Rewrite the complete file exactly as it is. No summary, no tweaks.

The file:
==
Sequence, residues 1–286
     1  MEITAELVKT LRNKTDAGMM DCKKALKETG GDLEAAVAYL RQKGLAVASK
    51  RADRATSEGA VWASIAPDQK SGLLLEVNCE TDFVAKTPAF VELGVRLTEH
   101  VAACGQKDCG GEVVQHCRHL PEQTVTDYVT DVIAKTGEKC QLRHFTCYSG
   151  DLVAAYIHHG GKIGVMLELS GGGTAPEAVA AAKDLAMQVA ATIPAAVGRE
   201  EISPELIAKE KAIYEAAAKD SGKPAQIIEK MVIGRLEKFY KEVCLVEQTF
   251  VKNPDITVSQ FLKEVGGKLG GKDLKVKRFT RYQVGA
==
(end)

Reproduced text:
Sequence, residues 1–286
     1  MEITAELVKT LRNKTDAGMM DCKKALKETG GDLEAAVAYL RQKGLAVASK
    51  RADRATSEGA VWASIAPDQK SGLLLEVNCE TDFVAKTPAF VELGVRLTEH
   101  VAACGQKDCG GEVVQHCRHL PEQTVTDYVT DVIAKTGEKC QLRHFTCYSG
   151  DLVAAYIHHG GKIGVMLELS GGGTAPEAVA AAKDLAMQVA ATIPAAVGRE
   201  EISPELIAKE KAIYEAAAKD SGKPAQIIEK MVIGRLEKFY KEVCLVEQTF
   251  VKNPDITVSQ FLKEVGGKLG GKDLKVKRFT RYQVGA